In a setback for Donald Trump, Indiana’s governor endorsed the front-runner’s chief rival, Ted Cruz, on Friday, injecting new drama into the state’s critical Republican primary contest just days before voters head to the polls.
Indiana Gov. Mike Pence described Cruz as “a principled conservative” as he made his support official during an afternoon radio interview.
“The man has shown the courage of his convictions,” Pence said, citing Cruz’s fight against government spending, the federal health care law and his “strong and unwavering stand for the sanctity of life.”
Pence, who faces his own re-election test this fall, also praised Trump, who had personally lobbied the governor to embrace his candidacy _ or at least to make no endorsement ahead of Tuesday’s primary.
`’I’m grateful for his voice in the national debate,” Pence said of Trump, adding, “I’m not against anybody, but I will be voting for Ted Cruz in the upcoming Republican primary.”
The Indiana governor’s backing could give Cruz a desperately needed boost in his fight to block Trump from claiming the delegate majority before the GOP’s national convention in July. A Trump win in Indiana on Tuesday would all but ensure he becomes the presumptive nominee.
Trump swept all five Northeastern primary elections earlier in the week and enjoys a massive delegate advantage over his Republican rivals. Cruz has been mathematically eliminated from earning the 1,237 delegate majority, but insists he can block Trump from the majority as well, as the 2016 contest shifts to “friendlier terrain” in the West and Midwest. The Texas senator declared he is “all in” on Indiana.
After his latest round of losses, Cruz bid to regain some footing by making an early announcement of his running mate, tapping Carly Fiorina, the former Hewlett-Packard executive who dropped out of the GOP race earlier this year.
His campaign says it raised $2 million around that announcement. Campaign manager Jeff Roe confirmed the fundraising total to The Associated Press.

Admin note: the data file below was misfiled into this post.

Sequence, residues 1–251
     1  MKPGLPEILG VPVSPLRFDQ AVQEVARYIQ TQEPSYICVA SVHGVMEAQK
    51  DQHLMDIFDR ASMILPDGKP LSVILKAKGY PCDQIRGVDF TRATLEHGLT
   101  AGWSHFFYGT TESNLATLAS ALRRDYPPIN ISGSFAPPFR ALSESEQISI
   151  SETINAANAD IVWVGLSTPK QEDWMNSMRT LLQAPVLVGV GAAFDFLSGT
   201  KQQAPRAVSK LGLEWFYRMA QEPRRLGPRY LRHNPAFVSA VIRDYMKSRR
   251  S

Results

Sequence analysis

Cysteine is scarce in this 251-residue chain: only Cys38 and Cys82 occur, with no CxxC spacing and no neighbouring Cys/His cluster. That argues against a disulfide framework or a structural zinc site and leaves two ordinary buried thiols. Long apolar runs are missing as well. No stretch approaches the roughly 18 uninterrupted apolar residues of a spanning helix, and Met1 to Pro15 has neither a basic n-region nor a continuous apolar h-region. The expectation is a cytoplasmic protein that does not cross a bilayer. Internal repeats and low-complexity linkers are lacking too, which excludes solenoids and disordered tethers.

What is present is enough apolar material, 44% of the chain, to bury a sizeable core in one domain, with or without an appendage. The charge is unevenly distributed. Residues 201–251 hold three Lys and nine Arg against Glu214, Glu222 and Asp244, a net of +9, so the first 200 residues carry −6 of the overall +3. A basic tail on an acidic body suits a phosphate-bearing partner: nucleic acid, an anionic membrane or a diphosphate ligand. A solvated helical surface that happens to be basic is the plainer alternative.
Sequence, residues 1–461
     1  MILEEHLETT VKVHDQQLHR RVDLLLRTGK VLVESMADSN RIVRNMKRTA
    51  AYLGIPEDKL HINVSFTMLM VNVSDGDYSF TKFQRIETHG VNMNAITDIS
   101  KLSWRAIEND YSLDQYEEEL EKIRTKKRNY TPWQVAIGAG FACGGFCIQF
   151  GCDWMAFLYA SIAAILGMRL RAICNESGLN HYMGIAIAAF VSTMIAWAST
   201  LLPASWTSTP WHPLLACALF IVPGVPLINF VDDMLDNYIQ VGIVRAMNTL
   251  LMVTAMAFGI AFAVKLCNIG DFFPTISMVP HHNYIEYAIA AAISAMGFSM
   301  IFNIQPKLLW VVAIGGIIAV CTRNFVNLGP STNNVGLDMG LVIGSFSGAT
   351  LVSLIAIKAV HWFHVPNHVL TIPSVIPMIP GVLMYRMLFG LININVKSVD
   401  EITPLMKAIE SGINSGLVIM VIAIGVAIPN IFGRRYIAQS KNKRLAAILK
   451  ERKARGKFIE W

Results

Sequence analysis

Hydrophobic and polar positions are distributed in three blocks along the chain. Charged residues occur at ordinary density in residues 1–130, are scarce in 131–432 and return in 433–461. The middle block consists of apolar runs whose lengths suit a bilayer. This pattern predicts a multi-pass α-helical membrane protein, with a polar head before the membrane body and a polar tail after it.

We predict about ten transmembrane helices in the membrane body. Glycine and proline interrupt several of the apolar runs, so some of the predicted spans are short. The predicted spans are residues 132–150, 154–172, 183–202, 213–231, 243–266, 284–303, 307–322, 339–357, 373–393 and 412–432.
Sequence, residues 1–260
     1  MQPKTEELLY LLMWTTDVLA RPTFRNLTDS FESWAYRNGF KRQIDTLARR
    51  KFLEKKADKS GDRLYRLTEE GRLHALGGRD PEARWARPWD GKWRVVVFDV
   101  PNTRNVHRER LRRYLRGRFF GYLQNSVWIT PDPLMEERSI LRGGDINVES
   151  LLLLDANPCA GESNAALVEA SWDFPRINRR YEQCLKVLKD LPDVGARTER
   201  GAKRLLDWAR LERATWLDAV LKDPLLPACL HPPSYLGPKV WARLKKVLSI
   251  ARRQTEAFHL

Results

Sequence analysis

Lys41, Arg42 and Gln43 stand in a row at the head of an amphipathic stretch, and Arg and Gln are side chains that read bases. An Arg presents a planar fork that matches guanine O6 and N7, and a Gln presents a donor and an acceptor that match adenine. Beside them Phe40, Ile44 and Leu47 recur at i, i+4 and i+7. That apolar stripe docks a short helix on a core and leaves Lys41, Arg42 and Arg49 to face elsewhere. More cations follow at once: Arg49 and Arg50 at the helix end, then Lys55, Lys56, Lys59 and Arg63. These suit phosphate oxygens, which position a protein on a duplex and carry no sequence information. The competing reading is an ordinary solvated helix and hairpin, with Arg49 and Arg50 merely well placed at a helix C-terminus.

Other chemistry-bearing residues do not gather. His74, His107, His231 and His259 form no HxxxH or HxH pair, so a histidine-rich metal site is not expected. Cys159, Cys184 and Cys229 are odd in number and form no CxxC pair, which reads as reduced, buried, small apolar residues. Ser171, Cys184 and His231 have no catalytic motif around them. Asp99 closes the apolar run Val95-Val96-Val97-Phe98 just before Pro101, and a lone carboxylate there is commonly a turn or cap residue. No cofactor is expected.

Earlier Friday, Cruz said he would “enthusiastically welcome” Pence’s support.
“The country is depending on Indiana to bring some sober common sense,” Cruz told reporters in Indianapolis, “instead of going down a rash course of action that is endangering this country.”
Pence had been under enormous pressure from pro- and anti-Trump factions. Although he is more closely aligned with Cruz, he risks voter backlash in the fall if Tuesday’s primary contest shows Indiana is filled with Trump voters.
Trump said this week that he had met the governor and asked for his backing. He said he didn’t know if he would get it but did not expect Pence to come out in support of Cruz.
Yet Cruz and conservatives who support him pressed Pence from the other direction.
“Every day he sits on the sidelines is another day in which he could have made a difference,” Republican columnist Erick Erickson wrote Thursday on the website The Resurgent. “He has not used his influence in the conservative movement to rally against Trump.”
Meanwhile, Trump picked up two more delegates in Rhode Island, giving him 81 percent of the delegates needed to clinch the nomination and avoid a contested convention. The billionaire businessman needs to win 48 percent of the remaining delegates to clinch the nomination by the end of the primaries.
He won the Rhode Island primary on Tuesday in a landslide. The state GOP says Trump got 12 delegates, Ohio Gov. John Kasich got five and Cruz got two.
Overall, Trump has 996 delegates, compared to 565 for Cruz and 153 for Kasich, according to the AP delegate count.
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